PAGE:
XPATH Tutorial in Selenium

Hierarchical Structure

In this XPATH tutorial in selenium, we are going to discuss about the basics of XPATH and its basic and advance usage (for locating dynamic elements) in Selenium. XPATH is one of the locator strategies in selenium to locate web elements. Once an element is located, test cases can be applied on it.

In our Selenium 3.0 Tutorials series, we have a chapter on basics of locators. If you are new to locators, you will find it useful.

XPATH tutorial

What is XPATH?

XPath is one of the most widely used locator strategies in selenium. XPath is a W3C recommendation and uses XML document syntax for locating elements. It defines the path to any element using XML path language (that’s why it is known as XPATH).

FirePath is a simple tool to check the XPATH of any element. Firepath can be installed as an extension or add-on to the browsers.

XPATH uses a hierarchical structure to represent the location of an element, as shown below:


This XPATH is for the anchor tag (or the link for “Techcanvass home page”)  in the web page shown below.

Example for XPATH tutorial

What’s the purpose? If you would like to click on this link using selenium script, you need to locate the URL, right? To understand the XPATH, let’s now look at the HTML code,

There is unexpected error. Please wait for 10 seconds to be re-directed automatically or click on<a href=”http://techcanvass.com/index.aspx”>Techcanvass Home Page</a>.</p>

The URL is put in an anchor tag (<a), which is within the <body> tag. So the XPATH for this element is


As this XPATH represents the complete path of the element, it is known as absolute XPATH. Relative XPATH does not start with <HTML> (i.e. from the top of an HTML document), instead it starts from the middle.

Another difference between relative and absolute XPATH is the use of // instead of /. You can check the basics of locators chapter to know more.

Locating Dynamic elements with XPATH

We can locate an element easily if we know the exact name and location in the HTML document. But if the element name is not fixed, instead it is dynamic? How will we then locate it?

One of the techniques to locate dynamically named elements is to use contains method of web driver.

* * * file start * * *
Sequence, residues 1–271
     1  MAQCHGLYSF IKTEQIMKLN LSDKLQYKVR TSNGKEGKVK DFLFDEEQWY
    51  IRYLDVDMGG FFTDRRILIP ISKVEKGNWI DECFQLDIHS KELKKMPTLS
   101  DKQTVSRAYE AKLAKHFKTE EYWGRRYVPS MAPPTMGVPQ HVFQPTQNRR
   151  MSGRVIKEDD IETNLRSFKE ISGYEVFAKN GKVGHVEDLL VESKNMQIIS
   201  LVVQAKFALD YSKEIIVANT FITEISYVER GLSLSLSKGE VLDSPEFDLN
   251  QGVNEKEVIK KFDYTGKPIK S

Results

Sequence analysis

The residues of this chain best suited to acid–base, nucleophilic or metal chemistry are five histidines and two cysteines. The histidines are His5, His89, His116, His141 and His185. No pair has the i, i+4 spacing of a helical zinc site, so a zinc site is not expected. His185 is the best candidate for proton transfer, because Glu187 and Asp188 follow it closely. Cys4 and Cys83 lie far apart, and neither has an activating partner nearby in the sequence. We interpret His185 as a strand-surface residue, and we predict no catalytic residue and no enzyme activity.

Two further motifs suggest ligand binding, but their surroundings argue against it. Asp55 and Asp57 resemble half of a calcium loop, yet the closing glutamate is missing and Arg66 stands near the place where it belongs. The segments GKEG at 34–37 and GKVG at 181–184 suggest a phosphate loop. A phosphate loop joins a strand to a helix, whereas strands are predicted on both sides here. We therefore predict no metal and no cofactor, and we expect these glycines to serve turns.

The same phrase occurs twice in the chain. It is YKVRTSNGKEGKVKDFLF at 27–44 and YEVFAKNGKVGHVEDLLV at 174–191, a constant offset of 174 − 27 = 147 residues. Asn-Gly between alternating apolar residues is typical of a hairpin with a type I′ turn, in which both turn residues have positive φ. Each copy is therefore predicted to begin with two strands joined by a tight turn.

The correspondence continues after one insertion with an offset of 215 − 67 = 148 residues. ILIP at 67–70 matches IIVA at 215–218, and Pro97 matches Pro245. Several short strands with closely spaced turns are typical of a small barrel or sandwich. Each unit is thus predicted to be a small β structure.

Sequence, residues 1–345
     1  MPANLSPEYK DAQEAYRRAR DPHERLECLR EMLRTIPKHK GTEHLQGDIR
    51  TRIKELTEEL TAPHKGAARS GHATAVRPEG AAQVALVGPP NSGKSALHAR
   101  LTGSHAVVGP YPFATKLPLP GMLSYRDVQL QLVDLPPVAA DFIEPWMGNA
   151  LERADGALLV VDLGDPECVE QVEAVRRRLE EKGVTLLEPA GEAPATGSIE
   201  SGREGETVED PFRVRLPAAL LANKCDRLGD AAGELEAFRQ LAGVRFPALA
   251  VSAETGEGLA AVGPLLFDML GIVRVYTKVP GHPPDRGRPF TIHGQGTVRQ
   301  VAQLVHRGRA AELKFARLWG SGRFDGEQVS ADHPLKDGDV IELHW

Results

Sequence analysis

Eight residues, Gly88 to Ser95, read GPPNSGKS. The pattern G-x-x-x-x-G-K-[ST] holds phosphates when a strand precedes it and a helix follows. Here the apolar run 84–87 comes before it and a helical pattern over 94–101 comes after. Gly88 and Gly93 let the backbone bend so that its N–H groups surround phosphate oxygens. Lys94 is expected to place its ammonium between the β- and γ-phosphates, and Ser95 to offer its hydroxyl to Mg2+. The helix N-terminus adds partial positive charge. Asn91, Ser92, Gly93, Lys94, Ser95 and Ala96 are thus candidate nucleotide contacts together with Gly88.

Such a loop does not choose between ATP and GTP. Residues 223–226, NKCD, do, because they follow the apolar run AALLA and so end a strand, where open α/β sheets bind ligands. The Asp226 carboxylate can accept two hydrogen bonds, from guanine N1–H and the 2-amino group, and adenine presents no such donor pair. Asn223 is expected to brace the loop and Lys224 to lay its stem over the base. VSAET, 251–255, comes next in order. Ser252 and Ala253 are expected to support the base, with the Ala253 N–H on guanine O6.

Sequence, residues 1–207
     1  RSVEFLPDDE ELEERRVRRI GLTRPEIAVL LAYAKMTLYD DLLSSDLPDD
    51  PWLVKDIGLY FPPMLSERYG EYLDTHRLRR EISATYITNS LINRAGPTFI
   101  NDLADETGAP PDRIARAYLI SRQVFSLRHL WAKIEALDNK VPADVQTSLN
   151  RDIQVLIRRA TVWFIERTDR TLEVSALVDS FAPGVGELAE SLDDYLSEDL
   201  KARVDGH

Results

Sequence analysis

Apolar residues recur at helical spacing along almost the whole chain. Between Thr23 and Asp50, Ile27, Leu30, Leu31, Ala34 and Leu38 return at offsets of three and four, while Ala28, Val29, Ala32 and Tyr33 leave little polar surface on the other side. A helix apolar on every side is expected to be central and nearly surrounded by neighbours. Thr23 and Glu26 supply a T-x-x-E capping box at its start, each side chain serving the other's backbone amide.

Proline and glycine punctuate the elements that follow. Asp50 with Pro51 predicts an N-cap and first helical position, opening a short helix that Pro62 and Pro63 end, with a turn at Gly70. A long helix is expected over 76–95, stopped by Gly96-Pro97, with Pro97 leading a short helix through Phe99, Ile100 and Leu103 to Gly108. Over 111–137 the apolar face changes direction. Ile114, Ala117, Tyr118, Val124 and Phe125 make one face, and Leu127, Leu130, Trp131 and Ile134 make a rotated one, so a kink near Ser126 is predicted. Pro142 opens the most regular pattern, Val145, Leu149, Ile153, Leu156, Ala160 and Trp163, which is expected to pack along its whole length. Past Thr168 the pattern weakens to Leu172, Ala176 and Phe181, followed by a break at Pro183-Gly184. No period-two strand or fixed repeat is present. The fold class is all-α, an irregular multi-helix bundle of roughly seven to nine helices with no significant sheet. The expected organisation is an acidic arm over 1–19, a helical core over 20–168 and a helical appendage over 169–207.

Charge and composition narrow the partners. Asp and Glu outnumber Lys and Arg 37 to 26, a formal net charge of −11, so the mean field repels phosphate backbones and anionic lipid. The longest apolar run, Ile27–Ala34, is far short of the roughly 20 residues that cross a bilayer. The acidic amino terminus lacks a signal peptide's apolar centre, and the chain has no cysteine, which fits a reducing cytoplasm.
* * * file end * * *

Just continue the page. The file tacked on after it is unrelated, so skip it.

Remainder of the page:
Using Contains

By using the above function user can locate any element which matches the particular text value matching a particular pattern. Let’s take an example to understand it:


XPATH tutorial 2

In this case, we want to locate the name field. Its name in the HTML contains “Name” but is generated dynamically by the script. So we can’t use an absolute path. So, how do we do it?

driver.findElement(By.xpath(“//input[contains(@id,’Name’)]”) ;

In the above piece of code, Webdriver code will locate an element id which contains the text ‘Name’. You must note that this may result in multiple elements, all of which contains ‘name’.

This technique is particularly useful when a web page is generated dynamically.

Using Starts-with

By using the above function user can locate any element which starts a word or a number of words.

driver.findElement(By.xpath(“//input [starts-with(@id,’txt’)]”) ;

In the above example webdriver will locate an element which starts with id as ‘txt’. There are two arguments in this piece of code. @id is the locator which is to be used for matching a search pattern. The other argument is the matching pattern – in this case it is ‘txt’.

So, what will this code do? It will find all the elements where ID has ‘txt’.

Using Ends-with

By using the above function user can locate any element which ends with a word or a number of words. Let’s look at the image below to check the class name of button having a label as “Submit”.

XPATH tutorial

We can locate the button using the fact that the class name ends with a word ‘primary’. Here is the code:



In the next part of this tutorial, we will talk about locating elements. which are deep inside nested DIV. We will be using methods like CHILD and ANCESTOR.

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